Testing for Alzheimer's Disease is an expensive and complicated proposition at the moment but the Mayo Clinic may have a solution. They've released a study this week on a three-part test for dementia that could be done in your physician's office.
Detecting Alzheimer's Disease
Alzheimer's is on the rise and while there is great hope a way of reducing symptoms or even curing the illness are on the way it continues to devastate lives. It's estimated that more than 36 million people suffer from Alzheimer's or another form of dementia and that in the U.S. alone as much as $220 billion is spent dealing with it each year.
Science believes that the amyloid plaques that form on the brain and lead to Alzheimer's or a less common form of dementia, begin to form years, even decades, before signs of the illness appear. But the methods of detection currently available are too expensive and cumbersome.
One involves a costly brain imaging technique, the other involves extracting fluid from the spine. Dr. Ronald Petersen, the director of the Alzheimer’s Disease Research Center at the Mayo Clinic, notes that neither test is workable from the standpoint of screening for the illness.
“We have either expensive techniques or invasive techniques and it’s not practical to do them from a public health screening standpoint," Dr. Petersen said. "If we had a simple blood test, a cholesterol test for Alzheimer’s disease, that would help. But we don't."
Mayo Clinic Alzheimer's study
At the Mayo Clinic, he and peers created a method of testing that appears to be effective and relatively easy to achieve. They've used it in a study of 1,500 people and the results show promise. They found those who scored high on the test were seven times more likely to develop some degree of cognitive impairment than those who scored low.
Here's a description from Time Magazine on how the test is conducted:
In the first phase of the test, his researchers simply collected information from 1,500 patients’ medical charts—their age, family history of Alzheimer’s, factors such as diabetes or smoking that have been linked to Alzheimer’s, and whether the patient had ever reported problems with memory.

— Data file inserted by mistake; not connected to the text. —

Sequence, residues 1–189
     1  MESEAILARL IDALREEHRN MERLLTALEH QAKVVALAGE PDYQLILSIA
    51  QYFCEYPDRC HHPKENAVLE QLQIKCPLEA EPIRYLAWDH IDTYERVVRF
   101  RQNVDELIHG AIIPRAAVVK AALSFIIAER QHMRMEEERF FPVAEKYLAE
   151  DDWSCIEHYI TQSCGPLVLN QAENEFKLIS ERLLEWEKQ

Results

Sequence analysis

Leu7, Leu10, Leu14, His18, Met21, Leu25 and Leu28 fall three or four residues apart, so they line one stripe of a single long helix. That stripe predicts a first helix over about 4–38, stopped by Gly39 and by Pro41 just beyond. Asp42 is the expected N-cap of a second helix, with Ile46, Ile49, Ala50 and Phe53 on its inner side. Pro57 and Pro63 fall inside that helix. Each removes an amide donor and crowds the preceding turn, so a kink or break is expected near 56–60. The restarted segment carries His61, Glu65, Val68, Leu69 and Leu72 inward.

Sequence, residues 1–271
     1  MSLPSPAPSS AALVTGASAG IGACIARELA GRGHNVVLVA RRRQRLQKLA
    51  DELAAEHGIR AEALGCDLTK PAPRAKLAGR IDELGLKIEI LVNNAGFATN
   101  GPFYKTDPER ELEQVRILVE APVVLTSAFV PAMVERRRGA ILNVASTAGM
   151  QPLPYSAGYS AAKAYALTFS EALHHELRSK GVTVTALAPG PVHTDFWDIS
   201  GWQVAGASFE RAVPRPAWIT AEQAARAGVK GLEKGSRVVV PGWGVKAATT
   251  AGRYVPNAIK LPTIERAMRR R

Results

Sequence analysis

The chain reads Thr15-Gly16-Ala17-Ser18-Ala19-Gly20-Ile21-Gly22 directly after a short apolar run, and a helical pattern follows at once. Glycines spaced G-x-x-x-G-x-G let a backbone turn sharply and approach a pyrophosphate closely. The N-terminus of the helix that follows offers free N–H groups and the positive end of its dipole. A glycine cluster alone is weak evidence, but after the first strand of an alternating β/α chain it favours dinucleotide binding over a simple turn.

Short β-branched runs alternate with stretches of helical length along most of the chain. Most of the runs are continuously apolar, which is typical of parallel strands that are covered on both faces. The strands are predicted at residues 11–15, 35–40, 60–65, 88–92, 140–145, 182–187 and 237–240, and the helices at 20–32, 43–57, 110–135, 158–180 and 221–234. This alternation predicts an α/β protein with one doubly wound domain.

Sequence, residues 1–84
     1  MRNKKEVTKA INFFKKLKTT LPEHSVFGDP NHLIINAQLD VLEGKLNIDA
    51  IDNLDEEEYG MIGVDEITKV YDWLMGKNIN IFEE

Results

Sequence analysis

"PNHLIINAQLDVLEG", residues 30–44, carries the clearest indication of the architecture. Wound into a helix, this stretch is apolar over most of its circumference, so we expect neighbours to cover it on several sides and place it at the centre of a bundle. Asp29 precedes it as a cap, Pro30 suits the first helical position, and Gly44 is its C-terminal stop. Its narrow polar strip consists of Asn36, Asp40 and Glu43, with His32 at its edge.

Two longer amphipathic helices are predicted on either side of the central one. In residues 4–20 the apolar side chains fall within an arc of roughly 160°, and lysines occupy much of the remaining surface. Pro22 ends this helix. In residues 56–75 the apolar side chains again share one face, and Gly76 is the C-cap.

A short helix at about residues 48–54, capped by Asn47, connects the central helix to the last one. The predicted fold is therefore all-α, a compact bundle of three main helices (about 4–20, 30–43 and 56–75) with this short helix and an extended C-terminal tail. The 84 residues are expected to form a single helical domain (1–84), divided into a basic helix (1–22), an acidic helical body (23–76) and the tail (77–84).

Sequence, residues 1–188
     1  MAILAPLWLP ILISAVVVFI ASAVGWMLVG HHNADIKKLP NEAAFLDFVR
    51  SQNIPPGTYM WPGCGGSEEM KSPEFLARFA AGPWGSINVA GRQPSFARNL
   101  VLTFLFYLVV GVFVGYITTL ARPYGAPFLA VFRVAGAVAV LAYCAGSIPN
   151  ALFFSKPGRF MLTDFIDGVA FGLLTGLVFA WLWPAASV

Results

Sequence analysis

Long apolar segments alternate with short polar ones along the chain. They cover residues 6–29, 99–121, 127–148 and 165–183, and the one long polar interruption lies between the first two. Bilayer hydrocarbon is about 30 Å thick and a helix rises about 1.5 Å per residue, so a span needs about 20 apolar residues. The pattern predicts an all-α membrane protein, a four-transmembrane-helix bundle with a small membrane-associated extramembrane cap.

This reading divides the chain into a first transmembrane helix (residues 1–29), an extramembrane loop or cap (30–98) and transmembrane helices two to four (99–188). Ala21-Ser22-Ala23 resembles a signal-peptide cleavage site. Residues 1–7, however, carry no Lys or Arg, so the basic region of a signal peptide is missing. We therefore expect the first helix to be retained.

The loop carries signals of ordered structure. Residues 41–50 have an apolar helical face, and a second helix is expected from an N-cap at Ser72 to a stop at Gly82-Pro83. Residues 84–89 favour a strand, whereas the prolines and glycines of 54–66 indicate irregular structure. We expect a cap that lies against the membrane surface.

In the next phase they studied the results of the patient’s basic mental exam as well as of a psychiatric evaluation, because depression and anxiety have been connected to Alzheimer’s.
And another factor that emerged as important in developing the disease—how quickly the participant could walk a short distance.
Dr. Petersen said they "were a little surprised" that how a patient walked a short distance was an indicator of potential dementia but said "it’s a nice non-cognitive, motor factor so it’s looking at another aspect of brain function.”More study needs to be done, Dr. Petersen said, before they can recommend it as a tool for doctors. Their intention is to conduct other studies to see if their results are duplicated.
Early detection of dementia would allow for existing treatment options to begin earlier. It might also convince patients to alter lifestyle choices, such as smoking and poor dietary habits, that are believed to contribute to dementia.There is at least one other method of early detection being worked upon by researchers, and a number of methods of curing the illness are also being studied.
The Mayo Clinic study is called Predicting the risk of mild cognitive impairment in the Mayo Clinic Study of Aging and was published in the medical journal Neurology.
Reposted from Digital Journal